In the café where I work, somebody tried introducing pasta, spaghetti in particular, in place of purpose-made wooden sticks, for stirring hot drinks, as it was thought to be more "environmentally friendly".
A number of other people recommend the same technique:
Each year, Americans throw away 138 billion straws and stirrers. But skipping the stirrer doesn’t mean drinking your coffee black. Simply put your sugar and cream in first, and then pour in the coffee, and it should be well mixed. Determined to stir? Break off a piece of pasta from the cupboard! You can nibble after using it, compost, or throw away with less guilt.
I was told it's more environmentally friendly* than using wooden stirring sticks, and I believe it. I haven't really run the numbers though. I don't know where to get the numbers.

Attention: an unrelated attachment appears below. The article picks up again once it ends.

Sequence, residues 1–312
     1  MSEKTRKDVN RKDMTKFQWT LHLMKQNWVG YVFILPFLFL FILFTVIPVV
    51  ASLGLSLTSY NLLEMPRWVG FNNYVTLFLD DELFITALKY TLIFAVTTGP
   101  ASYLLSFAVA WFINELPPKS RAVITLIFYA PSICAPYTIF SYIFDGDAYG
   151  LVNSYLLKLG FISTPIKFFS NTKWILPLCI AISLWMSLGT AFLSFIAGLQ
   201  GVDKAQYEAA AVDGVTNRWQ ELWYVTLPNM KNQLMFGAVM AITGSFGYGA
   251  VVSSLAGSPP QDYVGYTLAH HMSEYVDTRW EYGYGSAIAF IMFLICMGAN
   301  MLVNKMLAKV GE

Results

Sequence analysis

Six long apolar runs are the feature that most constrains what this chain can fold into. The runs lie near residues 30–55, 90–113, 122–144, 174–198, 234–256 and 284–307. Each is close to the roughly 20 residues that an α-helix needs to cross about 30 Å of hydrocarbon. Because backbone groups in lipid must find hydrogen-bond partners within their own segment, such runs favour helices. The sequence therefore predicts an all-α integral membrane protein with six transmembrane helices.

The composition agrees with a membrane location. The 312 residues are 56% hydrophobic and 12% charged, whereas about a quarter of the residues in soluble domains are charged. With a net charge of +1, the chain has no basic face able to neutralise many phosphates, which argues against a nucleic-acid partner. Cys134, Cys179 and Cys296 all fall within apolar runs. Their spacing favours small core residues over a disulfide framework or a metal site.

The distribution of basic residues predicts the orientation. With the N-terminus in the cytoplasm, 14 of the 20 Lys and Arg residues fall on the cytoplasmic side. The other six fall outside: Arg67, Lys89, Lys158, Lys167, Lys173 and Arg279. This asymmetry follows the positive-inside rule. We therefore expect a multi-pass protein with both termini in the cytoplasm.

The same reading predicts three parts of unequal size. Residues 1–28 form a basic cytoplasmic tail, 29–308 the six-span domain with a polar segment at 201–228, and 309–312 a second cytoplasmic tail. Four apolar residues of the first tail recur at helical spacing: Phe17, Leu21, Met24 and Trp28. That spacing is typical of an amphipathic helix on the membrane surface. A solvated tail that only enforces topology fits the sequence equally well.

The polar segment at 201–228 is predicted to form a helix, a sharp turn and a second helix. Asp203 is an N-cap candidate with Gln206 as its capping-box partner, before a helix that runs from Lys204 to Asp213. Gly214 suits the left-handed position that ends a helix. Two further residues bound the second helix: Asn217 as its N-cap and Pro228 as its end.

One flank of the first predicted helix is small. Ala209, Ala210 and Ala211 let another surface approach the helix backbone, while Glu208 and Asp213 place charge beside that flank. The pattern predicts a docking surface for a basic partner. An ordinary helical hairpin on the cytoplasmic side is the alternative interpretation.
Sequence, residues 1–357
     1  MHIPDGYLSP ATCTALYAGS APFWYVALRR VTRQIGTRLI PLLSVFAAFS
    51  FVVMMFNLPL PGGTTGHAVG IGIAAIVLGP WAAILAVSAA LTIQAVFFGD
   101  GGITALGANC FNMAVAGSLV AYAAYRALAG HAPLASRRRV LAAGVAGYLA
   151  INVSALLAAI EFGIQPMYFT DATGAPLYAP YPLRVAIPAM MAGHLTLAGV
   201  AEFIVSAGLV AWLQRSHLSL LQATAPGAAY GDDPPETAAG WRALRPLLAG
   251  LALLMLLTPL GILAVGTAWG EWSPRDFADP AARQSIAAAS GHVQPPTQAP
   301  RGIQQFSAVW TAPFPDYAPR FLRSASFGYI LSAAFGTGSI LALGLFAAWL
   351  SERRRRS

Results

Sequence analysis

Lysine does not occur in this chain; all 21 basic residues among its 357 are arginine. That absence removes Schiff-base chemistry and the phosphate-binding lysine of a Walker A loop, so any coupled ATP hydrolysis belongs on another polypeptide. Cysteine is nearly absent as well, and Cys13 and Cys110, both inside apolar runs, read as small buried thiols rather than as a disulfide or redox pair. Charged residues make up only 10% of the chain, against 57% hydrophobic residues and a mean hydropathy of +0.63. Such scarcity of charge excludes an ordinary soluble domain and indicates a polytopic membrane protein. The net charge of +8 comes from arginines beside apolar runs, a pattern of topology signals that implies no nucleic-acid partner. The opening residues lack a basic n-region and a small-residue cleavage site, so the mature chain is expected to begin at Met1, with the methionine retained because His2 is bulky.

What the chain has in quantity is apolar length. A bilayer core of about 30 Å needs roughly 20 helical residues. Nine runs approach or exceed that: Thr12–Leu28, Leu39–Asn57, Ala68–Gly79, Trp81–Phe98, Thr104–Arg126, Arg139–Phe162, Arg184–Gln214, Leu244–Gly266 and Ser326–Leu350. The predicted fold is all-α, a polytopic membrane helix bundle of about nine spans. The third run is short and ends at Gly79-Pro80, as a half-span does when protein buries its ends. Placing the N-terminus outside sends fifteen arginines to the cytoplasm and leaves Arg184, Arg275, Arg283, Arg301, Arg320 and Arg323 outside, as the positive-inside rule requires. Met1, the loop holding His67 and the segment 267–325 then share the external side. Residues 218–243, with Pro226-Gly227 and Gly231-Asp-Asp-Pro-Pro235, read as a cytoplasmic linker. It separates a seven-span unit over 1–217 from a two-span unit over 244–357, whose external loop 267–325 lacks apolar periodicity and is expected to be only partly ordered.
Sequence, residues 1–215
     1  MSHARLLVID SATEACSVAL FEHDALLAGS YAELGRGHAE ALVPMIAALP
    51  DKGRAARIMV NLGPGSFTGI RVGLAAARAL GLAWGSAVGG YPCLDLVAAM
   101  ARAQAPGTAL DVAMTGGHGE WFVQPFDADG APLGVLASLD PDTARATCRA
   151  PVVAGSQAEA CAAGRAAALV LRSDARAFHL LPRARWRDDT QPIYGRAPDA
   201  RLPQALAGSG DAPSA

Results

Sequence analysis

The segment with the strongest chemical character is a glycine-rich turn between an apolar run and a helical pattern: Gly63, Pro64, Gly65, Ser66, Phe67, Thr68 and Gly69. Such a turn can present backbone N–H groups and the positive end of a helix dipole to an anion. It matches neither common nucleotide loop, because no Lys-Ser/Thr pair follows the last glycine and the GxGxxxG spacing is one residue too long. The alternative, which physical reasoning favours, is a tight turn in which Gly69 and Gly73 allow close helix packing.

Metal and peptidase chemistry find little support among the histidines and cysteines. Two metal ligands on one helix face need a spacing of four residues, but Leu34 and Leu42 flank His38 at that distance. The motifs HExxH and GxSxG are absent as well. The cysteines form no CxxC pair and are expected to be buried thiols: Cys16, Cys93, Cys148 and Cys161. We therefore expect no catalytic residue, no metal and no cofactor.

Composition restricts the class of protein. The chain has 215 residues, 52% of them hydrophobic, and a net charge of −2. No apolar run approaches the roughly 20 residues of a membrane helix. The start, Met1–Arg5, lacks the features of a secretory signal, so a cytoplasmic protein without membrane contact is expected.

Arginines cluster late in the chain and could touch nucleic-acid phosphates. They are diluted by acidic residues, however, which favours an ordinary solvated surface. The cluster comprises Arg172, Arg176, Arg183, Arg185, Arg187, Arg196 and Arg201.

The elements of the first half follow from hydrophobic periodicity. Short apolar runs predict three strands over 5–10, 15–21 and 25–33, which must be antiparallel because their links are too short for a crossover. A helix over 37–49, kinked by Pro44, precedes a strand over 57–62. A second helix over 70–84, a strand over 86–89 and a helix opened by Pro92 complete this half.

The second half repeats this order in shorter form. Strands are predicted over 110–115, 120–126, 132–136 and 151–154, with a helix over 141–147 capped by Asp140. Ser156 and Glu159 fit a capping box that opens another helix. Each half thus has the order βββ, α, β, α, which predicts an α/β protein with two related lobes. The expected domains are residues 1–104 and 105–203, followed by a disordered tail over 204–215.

Which of plastic, wood and pasta is more environmentally friendly?
For the purposes of discussion, take "environmentally friendly" to mean less air, water and land pollution, as a by-product of both production and disposal. Air pollution can be taken to include carbon emissions.
Additional note: this is expressly about aspects of the service industry, where the re-use of regular spoons doesn't meet hygiene standards and stirring implements are necessarily disposable. Somebody else added the "grab it from your cupboard" excerpt in order to demonstrate notability criteria for this site.